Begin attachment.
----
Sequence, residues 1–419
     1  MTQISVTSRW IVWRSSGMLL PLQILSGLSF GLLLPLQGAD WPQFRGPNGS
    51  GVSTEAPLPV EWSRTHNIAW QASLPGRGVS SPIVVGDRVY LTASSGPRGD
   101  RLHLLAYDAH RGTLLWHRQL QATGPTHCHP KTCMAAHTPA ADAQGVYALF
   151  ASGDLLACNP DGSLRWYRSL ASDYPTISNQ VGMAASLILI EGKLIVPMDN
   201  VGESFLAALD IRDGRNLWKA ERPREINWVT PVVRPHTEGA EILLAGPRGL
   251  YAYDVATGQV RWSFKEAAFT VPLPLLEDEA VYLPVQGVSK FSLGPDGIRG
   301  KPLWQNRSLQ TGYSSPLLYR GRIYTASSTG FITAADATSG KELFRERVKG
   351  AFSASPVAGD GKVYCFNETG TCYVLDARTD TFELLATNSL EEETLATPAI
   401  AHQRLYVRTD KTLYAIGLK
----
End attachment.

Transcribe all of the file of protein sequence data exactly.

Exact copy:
Sequence, residues 1–419
     1  MTQISVTSRW IVWRSSGMLL PLQILSGLSF GLLLPLQGAD WPQFRGPNGS
    51  GVSTEAPLPV EWSRTHNIAW QASLPGRGVS SPIVVGDRVY LTASSGPRGD
   101  RLHLLAYDAH RGTLLWHRQL QATGPTHCHP KTCMAAHTPA ADAQGVYALF
   151  ASGDLLACNP DGSLRWYRSL ASDYPTISNQ VGMAASLILI EGKLIVPMDN
   201  VGESFLAALD IRDGRNLWKA ERPREINWVT PVVRPHTEGA EILLAGPRGL
   251  YAYDVATGQV RWSFKEAAFT VPLPLLEDEA VYLPVQGVSK FSLGPDGIRG
   301  KPLWQNRSLQ TGYSSPLLYR GRIYTASSTG FITAADATSG KELFRERVKG
   351  AFSASPVAGD GKVYCFNETG TCYVLDARTD TFELLATNSL EEETLATPAI
   401  AHQRLYVRTD KTLYAIGLK